The nature of the assets in the equity method investment in the Appalachian Basin is such that under normal circumstances an entity would capitalize and evaluate the assets as part of its producing properties. Therefore, our ability to recover the carrying amount of our investment lies in the value of our producing properties that utilize the assets of the entity. As a result of the 2013 impairment of the producing properties in the Appalachian Basin, we recorded an impairment of the equity method investment in 2013.
Our impairment analyses included an assessment of undiscounted and discounted future cash flows, which considered information obtained from drilling, other activities and natural gas reserve quantities (see Note 14).
Other Expenses
In December 2015, we plugged and abandoned the remaining wells serviced by a certain natural gas gathering system in the Appalachian Basin. As a result, we recorded approximately $23 million associated with the net present value of future obligations under the gathering agreement which is included in other-net on the Consolidated Statement of Operations.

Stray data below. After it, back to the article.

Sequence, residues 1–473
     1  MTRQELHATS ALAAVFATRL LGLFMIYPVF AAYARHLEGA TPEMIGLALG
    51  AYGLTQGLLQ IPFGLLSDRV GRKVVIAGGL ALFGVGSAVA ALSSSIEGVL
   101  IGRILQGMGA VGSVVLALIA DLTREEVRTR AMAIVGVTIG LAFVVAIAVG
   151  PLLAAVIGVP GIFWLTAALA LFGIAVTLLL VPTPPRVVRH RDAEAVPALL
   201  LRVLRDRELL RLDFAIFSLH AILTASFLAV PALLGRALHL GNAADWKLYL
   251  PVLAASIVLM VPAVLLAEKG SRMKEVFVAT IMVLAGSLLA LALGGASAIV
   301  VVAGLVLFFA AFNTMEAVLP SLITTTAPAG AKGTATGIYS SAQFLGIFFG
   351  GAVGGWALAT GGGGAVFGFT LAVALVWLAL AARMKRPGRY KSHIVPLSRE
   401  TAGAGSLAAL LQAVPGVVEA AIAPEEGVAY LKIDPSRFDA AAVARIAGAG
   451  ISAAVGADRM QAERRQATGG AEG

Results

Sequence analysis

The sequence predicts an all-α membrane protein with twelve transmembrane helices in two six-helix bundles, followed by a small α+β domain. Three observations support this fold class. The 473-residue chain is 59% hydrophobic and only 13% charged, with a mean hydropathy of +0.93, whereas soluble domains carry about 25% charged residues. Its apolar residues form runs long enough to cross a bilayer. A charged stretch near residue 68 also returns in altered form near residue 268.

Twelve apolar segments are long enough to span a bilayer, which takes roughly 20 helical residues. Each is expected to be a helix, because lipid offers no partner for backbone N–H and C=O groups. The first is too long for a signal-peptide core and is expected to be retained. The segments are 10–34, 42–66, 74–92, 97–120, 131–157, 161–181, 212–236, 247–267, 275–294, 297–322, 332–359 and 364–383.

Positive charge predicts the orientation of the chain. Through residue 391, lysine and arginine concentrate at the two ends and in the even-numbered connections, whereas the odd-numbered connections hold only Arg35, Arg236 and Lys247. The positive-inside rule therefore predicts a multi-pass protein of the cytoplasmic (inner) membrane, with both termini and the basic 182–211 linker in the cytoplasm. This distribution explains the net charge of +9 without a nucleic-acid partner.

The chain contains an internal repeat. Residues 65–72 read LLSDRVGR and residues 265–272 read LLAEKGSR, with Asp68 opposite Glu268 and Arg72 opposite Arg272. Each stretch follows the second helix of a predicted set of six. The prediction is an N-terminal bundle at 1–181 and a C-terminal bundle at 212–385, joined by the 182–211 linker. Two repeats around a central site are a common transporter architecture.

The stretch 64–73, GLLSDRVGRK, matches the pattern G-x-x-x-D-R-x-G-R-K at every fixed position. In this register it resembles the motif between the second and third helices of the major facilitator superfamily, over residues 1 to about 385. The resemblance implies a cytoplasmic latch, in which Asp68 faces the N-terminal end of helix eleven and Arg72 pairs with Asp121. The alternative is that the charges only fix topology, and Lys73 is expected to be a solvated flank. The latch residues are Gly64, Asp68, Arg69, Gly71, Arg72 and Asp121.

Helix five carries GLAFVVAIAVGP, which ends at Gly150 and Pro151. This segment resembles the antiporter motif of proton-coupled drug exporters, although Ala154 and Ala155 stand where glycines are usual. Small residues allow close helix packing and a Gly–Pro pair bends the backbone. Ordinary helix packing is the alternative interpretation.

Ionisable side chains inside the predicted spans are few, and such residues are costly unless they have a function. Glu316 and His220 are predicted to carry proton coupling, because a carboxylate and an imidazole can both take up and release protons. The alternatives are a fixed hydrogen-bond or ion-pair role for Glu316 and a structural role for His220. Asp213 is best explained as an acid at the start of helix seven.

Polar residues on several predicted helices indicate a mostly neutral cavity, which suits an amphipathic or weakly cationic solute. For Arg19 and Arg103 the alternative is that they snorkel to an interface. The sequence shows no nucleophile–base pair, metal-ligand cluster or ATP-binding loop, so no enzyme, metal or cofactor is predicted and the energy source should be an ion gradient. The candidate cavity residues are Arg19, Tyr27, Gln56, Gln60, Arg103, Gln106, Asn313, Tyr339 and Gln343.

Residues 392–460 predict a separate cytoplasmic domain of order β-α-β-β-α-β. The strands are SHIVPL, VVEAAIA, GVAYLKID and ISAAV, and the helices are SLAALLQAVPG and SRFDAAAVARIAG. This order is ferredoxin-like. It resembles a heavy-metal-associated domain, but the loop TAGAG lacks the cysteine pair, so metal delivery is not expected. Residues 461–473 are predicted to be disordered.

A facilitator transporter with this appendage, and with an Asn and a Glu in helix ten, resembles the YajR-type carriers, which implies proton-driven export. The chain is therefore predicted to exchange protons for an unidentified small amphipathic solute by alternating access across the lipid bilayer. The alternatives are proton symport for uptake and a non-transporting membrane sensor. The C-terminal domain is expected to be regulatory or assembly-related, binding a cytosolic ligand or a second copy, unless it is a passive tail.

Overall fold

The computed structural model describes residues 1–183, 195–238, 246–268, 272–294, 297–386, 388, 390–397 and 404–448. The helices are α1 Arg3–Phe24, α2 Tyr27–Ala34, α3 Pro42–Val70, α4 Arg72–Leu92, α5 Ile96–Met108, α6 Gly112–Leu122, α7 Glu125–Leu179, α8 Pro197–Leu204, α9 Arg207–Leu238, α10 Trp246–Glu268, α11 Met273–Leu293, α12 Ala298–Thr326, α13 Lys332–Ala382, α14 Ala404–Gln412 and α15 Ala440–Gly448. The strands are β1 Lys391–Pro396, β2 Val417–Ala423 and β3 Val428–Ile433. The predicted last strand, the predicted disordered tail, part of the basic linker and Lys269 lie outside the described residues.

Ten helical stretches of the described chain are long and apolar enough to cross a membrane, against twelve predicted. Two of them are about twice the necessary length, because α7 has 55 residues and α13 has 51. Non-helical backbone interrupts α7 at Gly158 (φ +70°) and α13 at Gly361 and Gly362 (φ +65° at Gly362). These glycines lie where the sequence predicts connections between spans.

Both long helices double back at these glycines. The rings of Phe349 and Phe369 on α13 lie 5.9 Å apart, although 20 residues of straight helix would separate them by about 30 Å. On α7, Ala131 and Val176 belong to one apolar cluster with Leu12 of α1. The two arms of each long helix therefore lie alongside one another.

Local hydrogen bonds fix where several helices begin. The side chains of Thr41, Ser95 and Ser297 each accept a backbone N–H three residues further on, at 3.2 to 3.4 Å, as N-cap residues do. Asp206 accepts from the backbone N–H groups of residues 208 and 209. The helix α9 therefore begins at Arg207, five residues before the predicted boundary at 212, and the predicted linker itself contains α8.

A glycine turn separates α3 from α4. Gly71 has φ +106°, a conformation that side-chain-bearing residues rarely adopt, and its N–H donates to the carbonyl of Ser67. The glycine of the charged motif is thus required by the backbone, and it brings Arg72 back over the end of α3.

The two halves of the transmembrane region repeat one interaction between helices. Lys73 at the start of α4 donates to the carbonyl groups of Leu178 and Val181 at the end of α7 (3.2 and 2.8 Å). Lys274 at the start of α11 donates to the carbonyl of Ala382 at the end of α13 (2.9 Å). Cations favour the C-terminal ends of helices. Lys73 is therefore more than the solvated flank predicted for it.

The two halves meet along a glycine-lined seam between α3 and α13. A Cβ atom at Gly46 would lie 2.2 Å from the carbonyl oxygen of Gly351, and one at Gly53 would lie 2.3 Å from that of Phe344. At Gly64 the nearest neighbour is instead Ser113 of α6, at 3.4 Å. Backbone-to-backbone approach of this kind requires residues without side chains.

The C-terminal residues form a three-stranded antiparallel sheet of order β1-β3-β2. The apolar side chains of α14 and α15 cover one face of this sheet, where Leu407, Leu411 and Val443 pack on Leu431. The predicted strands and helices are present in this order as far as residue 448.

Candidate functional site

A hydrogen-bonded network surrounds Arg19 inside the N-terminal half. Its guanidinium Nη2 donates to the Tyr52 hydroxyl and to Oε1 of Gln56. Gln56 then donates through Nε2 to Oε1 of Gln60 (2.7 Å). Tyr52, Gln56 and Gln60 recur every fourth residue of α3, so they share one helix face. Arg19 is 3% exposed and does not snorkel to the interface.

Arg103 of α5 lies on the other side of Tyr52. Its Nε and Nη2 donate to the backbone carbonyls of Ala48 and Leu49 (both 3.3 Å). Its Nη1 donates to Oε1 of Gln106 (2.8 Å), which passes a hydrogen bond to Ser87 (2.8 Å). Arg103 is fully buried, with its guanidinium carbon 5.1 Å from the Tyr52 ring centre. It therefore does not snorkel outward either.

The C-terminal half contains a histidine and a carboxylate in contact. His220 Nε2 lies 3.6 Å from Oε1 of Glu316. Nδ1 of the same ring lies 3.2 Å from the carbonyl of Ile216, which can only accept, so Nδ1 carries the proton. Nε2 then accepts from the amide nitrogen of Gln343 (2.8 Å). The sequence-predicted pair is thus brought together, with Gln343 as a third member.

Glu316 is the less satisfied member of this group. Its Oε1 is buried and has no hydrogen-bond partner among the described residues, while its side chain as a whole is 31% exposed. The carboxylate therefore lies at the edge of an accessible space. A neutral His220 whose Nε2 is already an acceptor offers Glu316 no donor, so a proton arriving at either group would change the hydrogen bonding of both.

During the first quarter of 2015, we executed a termination and settlement agreement to release us from a crude oil transportation and sales agreement in anticipation of entering into a different agreement with another third party with more favorable terms. As a result of this contract termination and settlement, we recorded an expense of approximately $22 million which is included in other—net on the Consolidated Statements of Operations.
Exploration Expenses
The following table presents a summary of exploration expenses.
 
Years Ended December 31,
 
2015
 
2014
 
2013
 
(Millions)
Geologic and geophysical costs
$
7

 
$
6

 
$
12

Impairments of exploratory area well costs and dry hole costs
24

 
21

 
3

Unproved leasehold property impairments, amortization and expiration
54

 
74

 
402

Total exploration expenses
$
85

 
$
101

 
$
417